The same topic came up in all four of this Eagle Scout’s interviews for West Point

There’s a reason only about 10% of applicants get accepted into West Point each year.

The U.S. Military Academy takes only the best of the best: men and women who are physically strong, mentally awake and morally straight.

That explains why Michael Norris, an Eagle Scout from Red Bank, S.C., will join the academy’s Class of 2023 later this year.

Norris, a product of Troop 518 of the Indian Waters Council, says the topic of Scouting came up in all four West Point interviews. But it wasn’t the “Eagle Scout” name that did it. It was what those 10 letters represent.

“At each interview, I was commended for being an Eagle Scout,” Norris tells me. “However, the recognition for being an Eagle Scout was not nearly as valuable as the skills that came with it.”

Naturally, Norris needed to be in excellent shape (physically strong), have good grades (mentally awake) and show impeccable character (morally straight) to earn a spot at West Point.

But he says Scouting added essential leadership skills, built his character and developed within him “an ability to stay cool under pressure.”

“In my opinion, the road to getting my Eagle Scout and what the award symbolized was the strongest point in my application to West Point,” he says.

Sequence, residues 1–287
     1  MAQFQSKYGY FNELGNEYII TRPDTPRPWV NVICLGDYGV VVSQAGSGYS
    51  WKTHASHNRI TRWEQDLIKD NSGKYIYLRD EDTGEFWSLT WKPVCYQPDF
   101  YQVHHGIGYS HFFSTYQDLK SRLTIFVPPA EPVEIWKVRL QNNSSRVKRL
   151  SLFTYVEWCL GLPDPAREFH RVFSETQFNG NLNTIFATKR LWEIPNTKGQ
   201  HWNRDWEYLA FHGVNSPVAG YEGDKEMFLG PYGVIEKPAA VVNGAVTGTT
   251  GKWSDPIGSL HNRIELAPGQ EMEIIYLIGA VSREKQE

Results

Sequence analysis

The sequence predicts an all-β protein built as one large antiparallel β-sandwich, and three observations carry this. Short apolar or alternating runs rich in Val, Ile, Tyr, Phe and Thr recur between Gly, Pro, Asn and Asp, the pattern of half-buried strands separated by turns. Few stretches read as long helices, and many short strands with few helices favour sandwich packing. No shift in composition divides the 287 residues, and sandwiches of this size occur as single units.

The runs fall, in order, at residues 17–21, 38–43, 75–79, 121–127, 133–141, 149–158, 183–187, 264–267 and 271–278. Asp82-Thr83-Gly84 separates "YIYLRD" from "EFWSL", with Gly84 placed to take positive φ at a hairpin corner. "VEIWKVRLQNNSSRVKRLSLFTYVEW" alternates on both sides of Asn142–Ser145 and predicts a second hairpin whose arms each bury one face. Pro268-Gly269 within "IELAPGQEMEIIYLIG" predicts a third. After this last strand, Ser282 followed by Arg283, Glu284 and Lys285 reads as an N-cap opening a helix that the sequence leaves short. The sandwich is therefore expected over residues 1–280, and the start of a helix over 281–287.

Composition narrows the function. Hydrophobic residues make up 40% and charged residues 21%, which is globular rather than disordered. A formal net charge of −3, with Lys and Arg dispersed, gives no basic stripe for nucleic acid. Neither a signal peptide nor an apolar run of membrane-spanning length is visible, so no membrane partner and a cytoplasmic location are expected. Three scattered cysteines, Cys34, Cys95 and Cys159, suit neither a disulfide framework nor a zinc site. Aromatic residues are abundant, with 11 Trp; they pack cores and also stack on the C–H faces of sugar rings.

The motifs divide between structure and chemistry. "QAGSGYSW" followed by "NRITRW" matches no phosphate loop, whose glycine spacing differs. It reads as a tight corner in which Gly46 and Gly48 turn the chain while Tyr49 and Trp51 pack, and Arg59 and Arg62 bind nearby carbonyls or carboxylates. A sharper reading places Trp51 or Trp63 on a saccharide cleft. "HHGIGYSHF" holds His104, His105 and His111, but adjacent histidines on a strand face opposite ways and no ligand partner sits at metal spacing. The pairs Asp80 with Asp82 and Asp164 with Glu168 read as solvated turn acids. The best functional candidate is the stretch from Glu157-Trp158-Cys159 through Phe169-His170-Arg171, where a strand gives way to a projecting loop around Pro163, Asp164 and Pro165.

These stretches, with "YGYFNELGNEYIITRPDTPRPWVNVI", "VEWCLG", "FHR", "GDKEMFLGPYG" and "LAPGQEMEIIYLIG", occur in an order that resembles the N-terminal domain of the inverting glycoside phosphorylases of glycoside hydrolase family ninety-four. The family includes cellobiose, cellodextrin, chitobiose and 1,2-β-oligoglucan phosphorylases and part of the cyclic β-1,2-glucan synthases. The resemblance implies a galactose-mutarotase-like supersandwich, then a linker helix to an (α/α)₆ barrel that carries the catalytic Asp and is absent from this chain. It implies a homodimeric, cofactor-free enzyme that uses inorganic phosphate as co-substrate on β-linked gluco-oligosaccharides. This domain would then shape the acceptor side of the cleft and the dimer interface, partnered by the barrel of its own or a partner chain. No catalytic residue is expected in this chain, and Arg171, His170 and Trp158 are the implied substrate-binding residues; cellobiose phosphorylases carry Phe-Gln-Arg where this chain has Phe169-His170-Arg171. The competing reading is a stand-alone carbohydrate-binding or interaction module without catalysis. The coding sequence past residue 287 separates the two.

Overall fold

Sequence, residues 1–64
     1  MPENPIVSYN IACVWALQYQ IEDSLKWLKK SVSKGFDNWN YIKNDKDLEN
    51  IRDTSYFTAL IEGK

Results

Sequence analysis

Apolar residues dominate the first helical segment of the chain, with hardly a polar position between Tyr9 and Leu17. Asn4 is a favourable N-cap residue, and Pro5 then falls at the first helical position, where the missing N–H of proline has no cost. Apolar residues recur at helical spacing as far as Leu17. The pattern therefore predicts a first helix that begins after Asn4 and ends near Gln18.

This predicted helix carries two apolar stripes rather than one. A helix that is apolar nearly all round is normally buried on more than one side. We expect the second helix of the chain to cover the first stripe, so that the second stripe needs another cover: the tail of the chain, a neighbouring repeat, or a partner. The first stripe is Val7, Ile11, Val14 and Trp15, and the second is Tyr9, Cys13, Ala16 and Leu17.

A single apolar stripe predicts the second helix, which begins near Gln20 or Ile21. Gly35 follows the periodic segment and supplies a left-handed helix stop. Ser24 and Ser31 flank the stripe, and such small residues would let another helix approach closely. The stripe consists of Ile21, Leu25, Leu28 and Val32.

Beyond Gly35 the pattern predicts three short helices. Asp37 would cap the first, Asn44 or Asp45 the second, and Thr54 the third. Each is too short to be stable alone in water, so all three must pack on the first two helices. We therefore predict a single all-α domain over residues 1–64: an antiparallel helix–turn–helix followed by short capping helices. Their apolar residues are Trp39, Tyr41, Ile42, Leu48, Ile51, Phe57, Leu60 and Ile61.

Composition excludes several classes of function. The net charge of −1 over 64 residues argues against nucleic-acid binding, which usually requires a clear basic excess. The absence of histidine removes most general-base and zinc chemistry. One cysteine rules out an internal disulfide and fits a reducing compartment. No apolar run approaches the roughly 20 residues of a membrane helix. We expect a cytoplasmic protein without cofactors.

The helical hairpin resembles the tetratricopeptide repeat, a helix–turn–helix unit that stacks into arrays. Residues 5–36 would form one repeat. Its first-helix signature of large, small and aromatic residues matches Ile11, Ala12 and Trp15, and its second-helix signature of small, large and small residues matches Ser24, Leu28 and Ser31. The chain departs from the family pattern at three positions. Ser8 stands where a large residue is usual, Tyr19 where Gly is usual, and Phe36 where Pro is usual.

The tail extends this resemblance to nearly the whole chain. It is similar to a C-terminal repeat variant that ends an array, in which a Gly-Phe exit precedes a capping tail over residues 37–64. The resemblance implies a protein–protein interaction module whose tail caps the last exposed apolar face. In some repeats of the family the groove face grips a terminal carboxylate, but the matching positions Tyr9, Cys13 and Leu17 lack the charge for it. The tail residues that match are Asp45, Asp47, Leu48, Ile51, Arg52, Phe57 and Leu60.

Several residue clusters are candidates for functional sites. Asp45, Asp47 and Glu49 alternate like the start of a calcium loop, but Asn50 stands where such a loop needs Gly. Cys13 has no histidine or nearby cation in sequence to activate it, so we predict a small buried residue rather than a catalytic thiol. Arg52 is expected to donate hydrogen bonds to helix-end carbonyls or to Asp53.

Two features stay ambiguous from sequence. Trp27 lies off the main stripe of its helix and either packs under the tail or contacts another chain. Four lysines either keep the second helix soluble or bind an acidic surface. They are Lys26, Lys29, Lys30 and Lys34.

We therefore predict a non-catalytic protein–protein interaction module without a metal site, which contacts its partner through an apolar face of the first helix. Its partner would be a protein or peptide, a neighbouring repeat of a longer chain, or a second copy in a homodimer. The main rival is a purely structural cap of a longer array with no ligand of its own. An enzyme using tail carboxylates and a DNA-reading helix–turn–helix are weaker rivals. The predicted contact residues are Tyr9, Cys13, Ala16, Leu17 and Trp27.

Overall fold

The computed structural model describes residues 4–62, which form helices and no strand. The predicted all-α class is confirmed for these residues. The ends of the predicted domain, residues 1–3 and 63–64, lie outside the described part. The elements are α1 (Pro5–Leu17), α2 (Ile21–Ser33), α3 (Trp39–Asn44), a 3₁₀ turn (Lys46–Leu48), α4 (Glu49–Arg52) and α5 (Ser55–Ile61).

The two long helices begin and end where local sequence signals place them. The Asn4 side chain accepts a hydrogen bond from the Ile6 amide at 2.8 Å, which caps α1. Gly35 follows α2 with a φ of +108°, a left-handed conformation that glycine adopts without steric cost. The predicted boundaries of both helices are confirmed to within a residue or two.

Prepared for the outdoors

Scouting came through in other ways, too.

This summer, in the weeks before his first year at West Point, Norris will go through Cadet Basic Training. He and other cadets will learn skills like knot-tying, marksmanship and orienteering.

Norris learned those skills at Troop 518 meetings and campouts. He perfected them while hiking the rugged trails of Philmont Scout Ranch in 2017.

Prepared to lead

At Philmont, Norris learned which knot was best for tying up bear bags. (Philmont recommends the lark’s head.)

But as the Scout in charge of his crew, Norris learned an even more valuable lesson.

“I was able to work through complex and difficult situations with my crew,” he says. “I learned a great deal about leadership.”

The same was true for his Eagle Scout service project, where Norris led a crew of volunteers as they built an outdoor park for a senior center.

Prepared for West Point

Scouting provided a firm foundation for Norris as he enters the academy this fall, but he doesn’t expect anything about West Point to be easy.

The days will be long, the courses difficult and the military discipline rigorous. But he’s ready.

“It’s a chance to push myself to new heights,” he says. “I cannot wait to get started.”

Thanks to Steven Scheid, Director of Scouting Ministry for the General Commission on United Methodist Men, for the blog post idea.

About Bryan Wendell 3281 Articles
Bryan Wendell, an Eagle Scout, is the founder of Bryan on Scouting and a contributing writer.